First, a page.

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Tichenor v. Colvin

United States District Court, S.D. Indiana, Indianapolis Division

March 30, 2015

CARRUTHA C. TICHENOR, Plaintiff,
v.
CAROLYN W. COLVIN Acting Commissioner of the Social Security Administration, Defendant.

ENTRY ON JUDICIAL REVIEW

TANYA WALTON PRATT, District Judge.

Plaintiff Carrutha C. Tichenor ("Ms. Tichenor") requests judicial review of the final decision of the Commissioner of the Social Security Administration (the "Commissioner") denying her applications for Social Security Disability Insurance Benefits ("DIB") under Title II of the Social Security Act (the "Act"), and for Social Security Supplemental Income ("SSI") under Title XVI of the Act.[1] For the reasons set forth below, the Court AFFIRMS the Commissioner's decision.

I. BACKGROUND

A. Procedural History

Ms. Tichenor filed applications for DIB and SSI on November 16, 2010, alleging a disability onset date of September 30, 2008. The claim was denied initially and upon reconsideration, and she requested a hearing on May 10, 2011. On March 13, 2012, a hearing was held before Administrative Law Judge T. Whitaker (the "ALJ"). The ALJ issued a decision on July 27, 2012, finding that Ms. Tichenor was not disabled from her alleged onset date through the date of the ALJ's decision. On October 22, 2013, the Appeals Council denied Ms. Tichenor's request for review, making the ALJ's decision the final decision of the Commissioner for purposes of judicial review.

B. Factual Background

Ms. Tichenor was 49 years old on the date of the ALJ's decision and 45 years old on her alleged disability onset date. She has past work experience as a cashier, deli clerk, and mail sorter. Ms. Tichenor alleges disability due to back and leg pain, depression and anxiety.

1. Back and leg pain medical evidence

Ms. Tichenor initially complained of leg and back pain in May 2009. She was examined by Dr. Mark Fakhoury, M.D., who found that Ms. Tichenor was neurologically intact and had full range of motion in her lumbar spine. She was referred to physical therapy but reported that it did not help. In January 2010, Ms. Tichenor complained of severe back pain, but her examination showed normal sensation and negative straight leg raising test. A March 2010 MRI of Ms. Tichenor's lumbar spine showed mild S-shaped thoracolumbar scoliosis and multilevel lumbar spine degenerative changes without evidence of focal disc herniation, nerve root impingement, or significant spinal stenosis.

In May 2010, Ms. Tichenor complained of back, knee, and hip pain. An examination showed mild knee crepitus, and a knee x-ray found no acute radiographic abnormalities. A spine x-ray showed mild scoliosis of her low back, and a hip x-ray showed no significant degenerative changes of the hips. A November 2010 MRI showed no changes from the May 2010 findings. A November 2010 EMG of Ms. Tichenor's left leg and right arm showed no electrodiagnostic evidence of compression neuropathy involving the left leg or right arm.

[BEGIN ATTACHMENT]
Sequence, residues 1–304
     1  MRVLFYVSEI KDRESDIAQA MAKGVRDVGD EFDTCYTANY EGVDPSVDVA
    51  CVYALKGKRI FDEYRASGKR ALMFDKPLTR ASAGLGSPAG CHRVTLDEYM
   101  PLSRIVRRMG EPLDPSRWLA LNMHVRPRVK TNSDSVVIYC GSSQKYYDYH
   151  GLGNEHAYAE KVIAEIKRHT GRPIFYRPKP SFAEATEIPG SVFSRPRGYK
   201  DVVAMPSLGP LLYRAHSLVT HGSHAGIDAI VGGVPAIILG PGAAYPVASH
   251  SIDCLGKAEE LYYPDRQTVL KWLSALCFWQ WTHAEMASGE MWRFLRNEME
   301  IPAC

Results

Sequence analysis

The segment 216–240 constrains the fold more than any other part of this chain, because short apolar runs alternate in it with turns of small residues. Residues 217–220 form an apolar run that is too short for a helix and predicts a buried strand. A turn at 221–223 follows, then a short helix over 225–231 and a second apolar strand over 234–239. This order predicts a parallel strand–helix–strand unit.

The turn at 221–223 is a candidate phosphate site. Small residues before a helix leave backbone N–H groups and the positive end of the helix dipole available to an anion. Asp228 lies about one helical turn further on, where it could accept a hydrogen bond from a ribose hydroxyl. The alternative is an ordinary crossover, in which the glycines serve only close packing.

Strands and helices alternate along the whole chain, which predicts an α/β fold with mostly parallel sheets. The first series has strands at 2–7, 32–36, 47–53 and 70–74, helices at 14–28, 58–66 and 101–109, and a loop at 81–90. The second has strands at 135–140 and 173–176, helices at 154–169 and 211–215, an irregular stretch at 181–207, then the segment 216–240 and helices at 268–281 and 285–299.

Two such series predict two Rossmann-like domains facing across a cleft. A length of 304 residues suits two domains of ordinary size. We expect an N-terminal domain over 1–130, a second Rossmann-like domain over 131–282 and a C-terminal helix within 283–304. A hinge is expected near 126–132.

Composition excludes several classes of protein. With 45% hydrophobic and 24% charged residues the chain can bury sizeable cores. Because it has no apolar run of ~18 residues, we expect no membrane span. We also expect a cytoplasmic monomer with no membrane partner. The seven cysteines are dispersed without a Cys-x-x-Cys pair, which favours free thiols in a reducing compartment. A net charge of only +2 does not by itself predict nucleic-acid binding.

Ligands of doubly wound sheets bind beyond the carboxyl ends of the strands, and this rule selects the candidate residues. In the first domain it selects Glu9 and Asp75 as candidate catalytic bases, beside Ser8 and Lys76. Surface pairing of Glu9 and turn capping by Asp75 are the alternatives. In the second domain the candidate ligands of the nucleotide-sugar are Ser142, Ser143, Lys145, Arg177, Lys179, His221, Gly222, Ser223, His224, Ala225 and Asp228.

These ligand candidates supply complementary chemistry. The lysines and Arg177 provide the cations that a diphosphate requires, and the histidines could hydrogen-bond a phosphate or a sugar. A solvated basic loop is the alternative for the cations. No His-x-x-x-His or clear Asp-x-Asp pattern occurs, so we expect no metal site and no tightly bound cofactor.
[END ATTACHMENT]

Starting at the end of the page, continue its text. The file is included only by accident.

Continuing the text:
On January 6, 2011, Ms. Tichenor underwent an evaluation for back pain and scoliosis with Dr. Nina Dereska, M.D. ("Dr. Dereska"), a consultative examiner. Ms. Tichenor reported that she had been injured at work by a falling object in 2005, with resulting worsening lumbar spine pain which radiated to the left buttock and left lateral thigh. Dr. Dereska's examination of Ms. Tichenor's mid and low back showed no muscle spasms, no tenderness to palpation, and no apparent kyphosis or obvious scoliosis. She had mildly decreased flexion of the lumbosacral spine, causing moderate pain. Ms. Tichenor's straight leg raise was positive on the left and negative on the right. She had intact sensation; normal reflexes; and normal motor strength with the exception of mildly decreased strength in her left hip flexion and left knee extension. Examination of Ms. Tichenor's hips, knees, elbows, wrists, and shoulders were within normal range of motion, although hip mobility caused moderate distress due to back pain. Dr. Dereska concluded that numerous prior evaluations had all been normal with no obvious etiology of her back pain, and opined that scoliosis was not a typical condition that would result in back or leg pain unless the scoliosis was severe.

In February 2012, Ms. Tichenor's primary care physician, Dr. Elizabeth Cobbs, M.D. ("Dr. Cobbs"), completed a functional evaluation based upon her diagnosis of scoliosis of fifteen degrees with radicular back pain. Dr. Cobbs opined that Ms. Tichenor was unable to perform any lifting, bending, stooping, prolonged or brief sitting or standing, pulling or pushing. Further, she concluded that Ms. Tichenor could sit for thirty minutes and could stand and walk in combination for thirty minutes in an eight hour work day. Her lifting and carrying were limited to five pounds, and she could not push or pull arm controls. Dr. Cobbs also prescribed Ms. Tichenor with a cane to assist her with walking.

2. Depression and anxiety medical evidence

In March 2011, Ms. Tichenor was treated at her primary care clinic for depression. She reported having sleep problems, feelings of isolation, loss of interest, and poor memory and concentration due to depression. Ms. Tichenor was prescribed Celexa and referred to a social worker to treat her depression. Later that month, Ms. Tichenor saw her primary care physician, Dr. Cobbs, who instructed her to ...


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